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How is Spousal Support Calculated in Pennsylvania?

Spousal Support Pennsylvania

No matter how uncomfortable life within your marriage may be, the idea of ending it can bring a level of financial insecurity, especially if your spouse contributes more to your household expenses than you do. In seeking to address this issue, the state of Pennsylvania enacted laws spelling out three different types of support that can be paid to a spouse or an ex-spouse. Each provides financial support, but at different times and for different purposes. The family law attorneys at Baer Romain can help you understand each one, when you would be entitled to it, and how much support you can expect to receive as you enter this new phase of your life.

The three types of support defined by family law address different periods of time within a marriage. They are:

  • Spousal Support, which is meant for when the partners are still married but separated, and a divorce action has not yet begun.
  • Alimony Pendente Lite, which is meant for when the partners are still married and a divorce action has been filed. It expires once the divorce and any appeals of the divorce are final.
  • Alimony, which is meant for after the partners are divorced.

Pennsylvania spousal support is calculated based on a formula that considers both spouse’s net incomes and earnings capacity, the needs of the party seeking support and the financial means of the party providing support. The calculation subtracts the net income of the person who is to receive support from the net income of the person who is to pay support, and then allocates 40% of the difference between the two as the spousal support amount.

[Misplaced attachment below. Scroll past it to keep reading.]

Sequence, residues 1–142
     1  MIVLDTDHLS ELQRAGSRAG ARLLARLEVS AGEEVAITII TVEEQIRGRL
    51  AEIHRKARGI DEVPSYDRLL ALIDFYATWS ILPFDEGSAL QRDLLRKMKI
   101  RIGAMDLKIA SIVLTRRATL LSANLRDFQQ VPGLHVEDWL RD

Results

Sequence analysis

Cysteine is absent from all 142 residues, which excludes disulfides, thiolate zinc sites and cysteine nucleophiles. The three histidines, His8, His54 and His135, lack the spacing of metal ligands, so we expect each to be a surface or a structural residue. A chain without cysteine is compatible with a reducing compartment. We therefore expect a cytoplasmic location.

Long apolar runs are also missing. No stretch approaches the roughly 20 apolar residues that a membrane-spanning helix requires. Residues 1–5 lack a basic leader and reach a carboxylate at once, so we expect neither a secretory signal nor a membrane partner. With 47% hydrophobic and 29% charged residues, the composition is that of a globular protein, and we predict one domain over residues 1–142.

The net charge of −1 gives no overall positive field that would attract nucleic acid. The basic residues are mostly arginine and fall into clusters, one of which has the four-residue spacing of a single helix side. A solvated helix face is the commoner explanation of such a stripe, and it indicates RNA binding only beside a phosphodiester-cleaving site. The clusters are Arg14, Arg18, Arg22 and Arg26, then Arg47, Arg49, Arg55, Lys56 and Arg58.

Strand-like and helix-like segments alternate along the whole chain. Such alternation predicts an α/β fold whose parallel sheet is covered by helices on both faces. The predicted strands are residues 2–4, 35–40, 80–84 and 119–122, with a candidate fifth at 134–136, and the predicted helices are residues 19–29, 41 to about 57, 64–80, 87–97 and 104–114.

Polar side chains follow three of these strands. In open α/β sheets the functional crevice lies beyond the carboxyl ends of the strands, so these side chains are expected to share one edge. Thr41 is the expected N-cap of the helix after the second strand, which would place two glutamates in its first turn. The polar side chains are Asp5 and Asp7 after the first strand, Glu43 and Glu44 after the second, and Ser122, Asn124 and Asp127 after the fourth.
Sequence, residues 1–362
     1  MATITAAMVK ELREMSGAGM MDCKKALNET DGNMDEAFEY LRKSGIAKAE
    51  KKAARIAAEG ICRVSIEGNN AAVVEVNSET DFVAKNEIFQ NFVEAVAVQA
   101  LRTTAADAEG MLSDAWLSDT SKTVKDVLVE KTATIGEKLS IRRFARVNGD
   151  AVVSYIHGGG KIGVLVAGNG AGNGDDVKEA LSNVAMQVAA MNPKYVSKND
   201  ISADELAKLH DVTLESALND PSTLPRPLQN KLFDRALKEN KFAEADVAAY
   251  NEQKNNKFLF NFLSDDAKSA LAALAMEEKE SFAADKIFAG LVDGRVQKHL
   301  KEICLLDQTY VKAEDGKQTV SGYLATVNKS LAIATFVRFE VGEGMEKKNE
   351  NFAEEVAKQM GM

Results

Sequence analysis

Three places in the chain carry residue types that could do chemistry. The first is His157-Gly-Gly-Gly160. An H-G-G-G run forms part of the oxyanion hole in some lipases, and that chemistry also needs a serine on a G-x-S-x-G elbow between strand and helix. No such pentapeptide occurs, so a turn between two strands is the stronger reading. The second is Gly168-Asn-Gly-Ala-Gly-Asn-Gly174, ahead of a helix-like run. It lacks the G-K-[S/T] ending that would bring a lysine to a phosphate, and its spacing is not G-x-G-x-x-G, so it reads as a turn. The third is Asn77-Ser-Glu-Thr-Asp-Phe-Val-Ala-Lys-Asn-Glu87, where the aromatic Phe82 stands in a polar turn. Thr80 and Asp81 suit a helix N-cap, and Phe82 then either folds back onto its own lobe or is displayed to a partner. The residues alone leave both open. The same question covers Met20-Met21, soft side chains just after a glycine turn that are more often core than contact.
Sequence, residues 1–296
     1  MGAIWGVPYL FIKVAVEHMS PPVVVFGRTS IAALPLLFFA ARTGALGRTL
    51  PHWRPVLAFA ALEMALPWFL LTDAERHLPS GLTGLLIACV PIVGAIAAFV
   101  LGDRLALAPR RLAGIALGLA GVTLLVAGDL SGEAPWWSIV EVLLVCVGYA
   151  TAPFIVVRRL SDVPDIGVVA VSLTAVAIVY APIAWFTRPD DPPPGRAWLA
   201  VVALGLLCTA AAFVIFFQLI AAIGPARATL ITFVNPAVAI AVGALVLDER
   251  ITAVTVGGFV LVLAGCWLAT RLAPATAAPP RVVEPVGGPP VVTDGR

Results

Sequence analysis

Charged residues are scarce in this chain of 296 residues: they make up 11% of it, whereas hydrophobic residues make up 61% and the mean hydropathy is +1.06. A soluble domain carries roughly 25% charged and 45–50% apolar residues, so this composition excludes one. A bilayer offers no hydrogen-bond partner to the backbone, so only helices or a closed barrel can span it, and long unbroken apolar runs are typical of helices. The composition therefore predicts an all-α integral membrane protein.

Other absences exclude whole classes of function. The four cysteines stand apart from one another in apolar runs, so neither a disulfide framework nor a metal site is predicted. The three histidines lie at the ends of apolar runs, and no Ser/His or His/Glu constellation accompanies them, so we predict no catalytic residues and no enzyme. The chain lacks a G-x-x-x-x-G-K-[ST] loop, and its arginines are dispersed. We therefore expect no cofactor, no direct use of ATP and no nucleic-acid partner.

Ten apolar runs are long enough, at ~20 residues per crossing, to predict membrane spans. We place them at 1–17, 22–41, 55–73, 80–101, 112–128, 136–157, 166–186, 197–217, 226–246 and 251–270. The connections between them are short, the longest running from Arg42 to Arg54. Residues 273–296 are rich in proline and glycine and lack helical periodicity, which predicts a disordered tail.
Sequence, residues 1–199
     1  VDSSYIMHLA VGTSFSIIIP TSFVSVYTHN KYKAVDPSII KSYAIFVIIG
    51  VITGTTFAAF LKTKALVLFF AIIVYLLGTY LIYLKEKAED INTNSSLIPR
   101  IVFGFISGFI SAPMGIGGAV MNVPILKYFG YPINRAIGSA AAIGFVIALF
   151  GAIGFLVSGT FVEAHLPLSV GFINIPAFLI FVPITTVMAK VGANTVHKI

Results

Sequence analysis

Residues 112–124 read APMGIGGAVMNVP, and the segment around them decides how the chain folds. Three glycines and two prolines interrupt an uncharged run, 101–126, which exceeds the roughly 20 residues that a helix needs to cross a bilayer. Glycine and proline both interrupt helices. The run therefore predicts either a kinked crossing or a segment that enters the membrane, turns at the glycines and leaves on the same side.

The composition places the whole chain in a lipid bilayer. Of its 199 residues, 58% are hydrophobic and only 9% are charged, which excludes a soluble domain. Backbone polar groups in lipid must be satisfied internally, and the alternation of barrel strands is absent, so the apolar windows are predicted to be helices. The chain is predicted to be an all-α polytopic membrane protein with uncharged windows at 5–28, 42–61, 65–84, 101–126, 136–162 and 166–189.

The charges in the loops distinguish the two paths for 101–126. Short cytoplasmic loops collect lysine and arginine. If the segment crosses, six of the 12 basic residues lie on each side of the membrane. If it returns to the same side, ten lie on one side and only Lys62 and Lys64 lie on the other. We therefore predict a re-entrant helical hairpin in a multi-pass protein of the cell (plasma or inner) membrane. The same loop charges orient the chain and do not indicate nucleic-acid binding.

This formula guarantees fairness, and assumes that people in similar economic situations have similar needs, but also allows deviations from the guidelines for those who have unusual needs such as a disability or special expenses. Spousal support may also be lowered if child support is also being provided, and can be impacted by the payment of health insurance premiums, childcare expenses and more. Spousal support obligations can sometimes be denied in cases of adultery and similar offenses.

When you want to get out of your marriage, your ability to pay bills is the last thing you need to focus on. For information on the process, spousal support, custody and other important issues, contact the family law attorneys at Baer Romain today to set up a convenient appointment.